Ensuring EU Member State Compliance with European Rules and Principles. The Alternatives to Top-Down Enforcement
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Nijmegen : Research Centre for State and Law
Research Centre for State and Law research papers ; 09/11
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Onderzoekcentrum voor Staat en Recht
Centrum voor Staat en Recht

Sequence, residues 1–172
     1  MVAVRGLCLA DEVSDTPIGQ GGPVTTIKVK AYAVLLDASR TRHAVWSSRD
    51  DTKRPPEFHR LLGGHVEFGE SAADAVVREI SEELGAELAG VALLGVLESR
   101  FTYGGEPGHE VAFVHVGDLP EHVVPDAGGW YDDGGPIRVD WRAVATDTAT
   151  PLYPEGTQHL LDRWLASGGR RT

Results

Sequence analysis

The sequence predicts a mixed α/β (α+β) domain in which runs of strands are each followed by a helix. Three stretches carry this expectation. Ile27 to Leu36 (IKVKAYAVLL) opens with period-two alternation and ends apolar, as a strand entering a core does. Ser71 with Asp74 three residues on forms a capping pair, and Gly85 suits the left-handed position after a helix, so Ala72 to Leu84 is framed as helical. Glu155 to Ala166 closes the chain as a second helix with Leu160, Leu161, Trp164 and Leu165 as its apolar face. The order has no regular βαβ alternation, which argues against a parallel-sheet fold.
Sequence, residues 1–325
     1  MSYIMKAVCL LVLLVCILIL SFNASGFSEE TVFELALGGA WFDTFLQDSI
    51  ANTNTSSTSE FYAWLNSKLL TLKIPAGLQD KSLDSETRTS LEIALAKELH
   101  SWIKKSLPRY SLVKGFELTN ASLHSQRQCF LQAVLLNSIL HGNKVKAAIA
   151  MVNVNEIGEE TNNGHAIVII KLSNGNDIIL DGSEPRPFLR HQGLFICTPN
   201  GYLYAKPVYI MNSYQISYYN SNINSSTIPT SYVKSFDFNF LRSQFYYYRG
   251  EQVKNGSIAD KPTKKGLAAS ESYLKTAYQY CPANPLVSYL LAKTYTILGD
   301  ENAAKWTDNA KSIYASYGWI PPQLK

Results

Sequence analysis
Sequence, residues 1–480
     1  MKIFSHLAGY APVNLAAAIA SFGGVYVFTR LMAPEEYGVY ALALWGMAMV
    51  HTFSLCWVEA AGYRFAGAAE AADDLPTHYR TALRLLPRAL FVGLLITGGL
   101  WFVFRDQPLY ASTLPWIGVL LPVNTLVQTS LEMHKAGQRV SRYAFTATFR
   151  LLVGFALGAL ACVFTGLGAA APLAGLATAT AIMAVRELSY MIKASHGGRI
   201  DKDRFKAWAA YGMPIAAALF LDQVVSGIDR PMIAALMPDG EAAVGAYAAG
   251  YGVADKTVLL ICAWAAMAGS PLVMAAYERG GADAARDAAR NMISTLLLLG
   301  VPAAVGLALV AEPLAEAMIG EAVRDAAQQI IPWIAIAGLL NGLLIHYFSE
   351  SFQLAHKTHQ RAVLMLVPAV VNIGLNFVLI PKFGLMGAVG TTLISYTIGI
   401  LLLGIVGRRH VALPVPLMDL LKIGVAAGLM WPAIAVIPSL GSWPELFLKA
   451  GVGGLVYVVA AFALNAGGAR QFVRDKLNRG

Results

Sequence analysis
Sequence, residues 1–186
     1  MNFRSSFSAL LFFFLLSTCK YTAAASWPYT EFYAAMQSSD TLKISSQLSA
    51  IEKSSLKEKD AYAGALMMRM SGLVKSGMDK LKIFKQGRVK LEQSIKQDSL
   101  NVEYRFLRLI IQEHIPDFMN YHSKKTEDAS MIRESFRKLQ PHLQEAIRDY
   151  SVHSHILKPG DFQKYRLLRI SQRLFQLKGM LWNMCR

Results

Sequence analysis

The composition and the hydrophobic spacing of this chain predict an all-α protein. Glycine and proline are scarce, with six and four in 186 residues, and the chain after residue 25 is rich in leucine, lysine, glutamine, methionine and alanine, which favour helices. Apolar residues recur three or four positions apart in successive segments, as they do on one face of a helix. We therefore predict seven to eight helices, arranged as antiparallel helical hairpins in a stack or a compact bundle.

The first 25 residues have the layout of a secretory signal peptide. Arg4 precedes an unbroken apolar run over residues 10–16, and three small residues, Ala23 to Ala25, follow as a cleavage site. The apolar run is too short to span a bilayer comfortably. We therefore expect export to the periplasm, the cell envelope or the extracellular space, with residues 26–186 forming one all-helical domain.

For a successful effectuation of the rights of EU citizens and third country nationals, it is crucially important that the rules and principles flowing from the European Treaties and the associated legislation are ensured in full. The available methods of public enforcement (in particular the monitoring powers of the Commission) are however insufficient to achieve that goal: compliance with the relevant European rules and norms also depends to a considerable extent on the policy dynamics, public infrastructure and (styles of) administrative governance of the country concerned. This paper attempts to fill a gap which is believed to lie between, on the one hand, leading political science theories on the reception of EU law in the Member States, and on the other, the main legal studies on the quality of legislation and the (in)adequacy of the existing procedural frameworks for effectuating citizens’ rights. The main objective is to explore alternative avenues for facilitating the interplay between the EU and the national legal orders. By providing vivid illustrations of existing bottlenecks, asymmetric centrifugal and centripetal forces and avoidable feedback-loops, it points out how current practices may be enhanced, and highlights possible new directions for promoting a more structural compliance.
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